India's atomic energy regulator said on Friday that it was investigating claims that Delhi University (DU) buried radioactive material on its campus, amidst an escalating scandal over its handling of toxic waste.
Police on Thursday blamed DU for dumping an irradiation machine containing radioactive Cobalt-60, which ended up in scrapyard in New Delhi, where it killed a 35-year-old worker and put seven others in hospital.
The incident has highlighted the lax enforcement of waste disposal laws in India and raised fears of further contamination from the university, the city's biggest institute with 300,000 students spread over two sites.
The Atomic Energy Regulatory Board (AERB) said Friday it had suspended the licence to handle radioactive material of the chemistry laboratory responsible for throwing out the irradiation machine.
"University authorities and students cannot use the laboratory until we give them clearance," Ompal Singh, secretary of AERB, said.
Ramesh Chandra, a professor in the chemistry department, said on Friday that his counterparts in the physics faculty had buried 20 kilograms of low-grade radioactive waste in a pit on campus 20 years ago.
"Instead of handing over the hazardous material...for proper disposal, they just buried it," he said. "Though it's been 20 years the buried isotopes of substances like uranium could still be active."
Singh said the regulator was looking into waste management by the university and will scrutinise the new allegations by Chandra.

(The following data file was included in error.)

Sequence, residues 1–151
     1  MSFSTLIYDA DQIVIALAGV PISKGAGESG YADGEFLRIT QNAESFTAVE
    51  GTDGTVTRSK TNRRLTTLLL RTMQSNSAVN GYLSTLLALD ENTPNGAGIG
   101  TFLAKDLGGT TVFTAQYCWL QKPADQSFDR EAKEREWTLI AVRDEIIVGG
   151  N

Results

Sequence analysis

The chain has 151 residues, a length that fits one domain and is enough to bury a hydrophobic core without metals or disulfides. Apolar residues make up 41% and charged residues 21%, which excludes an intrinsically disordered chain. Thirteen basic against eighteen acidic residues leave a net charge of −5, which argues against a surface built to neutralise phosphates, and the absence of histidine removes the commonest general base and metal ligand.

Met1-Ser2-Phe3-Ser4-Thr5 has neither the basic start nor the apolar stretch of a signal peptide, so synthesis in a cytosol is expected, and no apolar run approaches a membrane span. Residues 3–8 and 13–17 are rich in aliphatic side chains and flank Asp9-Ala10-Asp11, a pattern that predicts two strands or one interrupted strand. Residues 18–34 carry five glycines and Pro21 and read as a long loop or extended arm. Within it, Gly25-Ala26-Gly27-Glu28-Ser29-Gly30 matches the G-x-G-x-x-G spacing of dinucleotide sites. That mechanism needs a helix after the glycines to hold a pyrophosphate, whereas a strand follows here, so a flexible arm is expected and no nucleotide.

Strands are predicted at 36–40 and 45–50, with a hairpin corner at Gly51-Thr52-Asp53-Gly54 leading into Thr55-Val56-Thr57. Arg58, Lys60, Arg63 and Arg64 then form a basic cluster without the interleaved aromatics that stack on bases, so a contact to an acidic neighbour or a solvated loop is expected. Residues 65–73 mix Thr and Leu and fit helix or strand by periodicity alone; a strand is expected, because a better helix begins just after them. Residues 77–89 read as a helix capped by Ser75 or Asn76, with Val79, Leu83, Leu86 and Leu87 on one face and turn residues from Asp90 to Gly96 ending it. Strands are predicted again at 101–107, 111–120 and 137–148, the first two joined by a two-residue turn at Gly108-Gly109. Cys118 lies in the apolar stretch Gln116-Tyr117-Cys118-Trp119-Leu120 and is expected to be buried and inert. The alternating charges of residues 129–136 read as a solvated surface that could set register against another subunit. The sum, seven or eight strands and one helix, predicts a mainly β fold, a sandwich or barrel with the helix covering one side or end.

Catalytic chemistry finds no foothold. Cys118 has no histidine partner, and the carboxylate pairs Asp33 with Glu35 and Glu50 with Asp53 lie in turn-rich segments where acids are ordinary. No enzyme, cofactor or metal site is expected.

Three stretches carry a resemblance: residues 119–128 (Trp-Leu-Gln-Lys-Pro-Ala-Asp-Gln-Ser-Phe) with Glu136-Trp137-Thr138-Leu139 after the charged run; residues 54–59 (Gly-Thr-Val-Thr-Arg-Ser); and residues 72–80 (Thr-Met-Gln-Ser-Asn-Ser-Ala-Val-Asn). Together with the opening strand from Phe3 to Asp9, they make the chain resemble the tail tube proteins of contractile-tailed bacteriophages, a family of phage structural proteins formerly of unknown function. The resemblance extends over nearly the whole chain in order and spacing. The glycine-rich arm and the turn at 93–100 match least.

"We will verify the professor's claims. If toxic waste is found, then we will take strict action against the university," Singh said.
Delhi University declined to comment on the issue.
The gamma irradiation machine found in the Delhi scrapyard earlier this month was imported by the university in 1980, but had not been used since 1985. It was sold to scrap dealers at auction in February.
Vice-chancellor Deepak Pental said on Thursday that the university "takes moral responsibility and was apologetic for the damages caused."
He said the "mistake" was underestimating the radioactivity of the machine. A three-member committee has been set up to investigate.
Search teams from the police and an atomic research centre found Cobalt-60 in 15 different shops in the scrap market.
Last week, India's Shipping Ministry ordered 12 ports to install detectors for radioactive material, fearing other hazardous materials could slip into the country.